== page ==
Gene Transfer Therapy for Severe Combined Immunodeficieny Disease (SCID) Due to Adenosine Deaminase (ADA) Deficiency
This study will evaluate a new method for delivering gene transfer therapy to patients with severe combined immunodeficiency disease (SCID) due to a defective adenosine deaminase (ADA) gene. This gene codes for the adenosine deaminase enzyme, which is essential for the proper growth and function of infection-fighting white blood cells called T and B lymphocytes. Patients who lack this enzyme are vulnerable to frequent and severe infections.
Some patients with this disease receive enzyme replacement therapy with weekly injections of the drug PEG-ADA (ADAGEN). This drug may increase the number of immune cells and reduce infections, but it is not a cure. Gene transfer therapy, in which a normal ADA gene is inserted into the patient s cells, attempts to correct the underlying cause of disease. This therapy has been tried in a small number of patients with varying degrees of success. In this study, the gene will be inserted into the patient s stem cells (cells produced by the bone marrow that mature into the different blood components white cells, red cells and platelets).
Patients with ADA deficiency and SCID who are taking PEG-ADA and are not candidates for HLA-identical sibling donor bone marrow transplantation may be eligible for this study.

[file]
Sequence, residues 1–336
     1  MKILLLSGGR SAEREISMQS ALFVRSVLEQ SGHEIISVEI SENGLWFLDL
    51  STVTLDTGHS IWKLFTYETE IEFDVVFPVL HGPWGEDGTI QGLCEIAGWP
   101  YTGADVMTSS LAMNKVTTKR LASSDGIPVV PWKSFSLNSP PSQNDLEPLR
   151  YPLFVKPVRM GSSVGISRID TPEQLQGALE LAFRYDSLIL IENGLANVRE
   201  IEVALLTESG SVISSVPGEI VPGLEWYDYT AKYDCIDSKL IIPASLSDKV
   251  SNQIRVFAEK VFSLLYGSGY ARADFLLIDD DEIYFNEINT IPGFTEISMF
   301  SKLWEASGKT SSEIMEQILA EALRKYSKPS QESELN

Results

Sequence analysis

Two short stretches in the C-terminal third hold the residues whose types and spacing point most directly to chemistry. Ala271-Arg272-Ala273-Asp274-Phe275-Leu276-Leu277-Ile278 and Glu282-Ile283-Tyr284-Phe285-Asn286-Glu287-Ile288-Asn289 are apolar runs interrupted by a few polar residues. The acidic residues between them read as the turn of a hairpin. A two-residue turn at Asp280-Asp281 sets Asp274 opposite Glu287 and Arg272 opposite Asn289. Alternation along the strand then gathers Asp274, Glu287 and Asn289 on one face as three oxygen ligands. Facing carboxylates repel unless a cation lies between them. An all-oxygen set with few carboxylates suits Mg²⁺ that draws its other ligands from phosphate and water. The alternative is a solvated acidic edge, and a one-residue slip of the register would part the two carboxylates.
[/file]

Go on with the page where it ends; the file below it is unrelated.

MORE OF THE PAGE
Participants will be admitted to the NIH Clinical Center for 2 to 3 days. Stem cells will be collected either from cord blood (in newborn patients) or from the bone marrow. The bone marrow procedure is done under light sedation or general anesthesia. It involves drawing a small amount of marrow through a needle inserted into the hip bone. The stem cells in the marrow will be grown in the laboratory and a normal human ADA gene will be transferred into them through a special type of disabled mouse virus. A few days later, the patient will receive the ADA-corrected cells through an infusion in the vein that will last from 10 minutes to 2 hours.
Patients will be evaluated periodically for immune function with blood tests, skin tests, and reactions to tetanus, diphtheria, H. influenza B and S. pneumoniae vaccinations. The survival of ADA-corrected cells will be monitored through blood tests. The number and amount of blood tests will depend on the patient s age, weight and health, but is expected that blood will not be drawn more than twice a month. Patients will also undergo bone marrow biopsy aspirate (as described above) twice a year. Patients will be followed once a year indefinitely to evaluate the long-term effects of therapy.
Severe Combined Immunodeficiency Syndrome
Drug: CD34+ cells transduced with ADA retrovir
|Study Design:||Primary Purpose: Treatment|
|Official Title:||Treatment of SCID Due to ADA Deficiency With Autologous Cord Blood or Bone Marrow CD34+ Cells Transduced With a Human ADA Gene|
|Study Start Date:||June 20, 2001|
|Study Completion Date:||September 17, 2014|
Please refer to this study by its ClinicalTrials.gov identifier: NCT00018018
|United States, Maryland|
|National Institutes of Health Clinical Center, 9000 Rockville Pike|
|Bethesda, Maryland, United States, 20892|
|Principal Investigator:||Robert A Sokolic, M.D.||National Human Genome Research Institute (NHGRI)|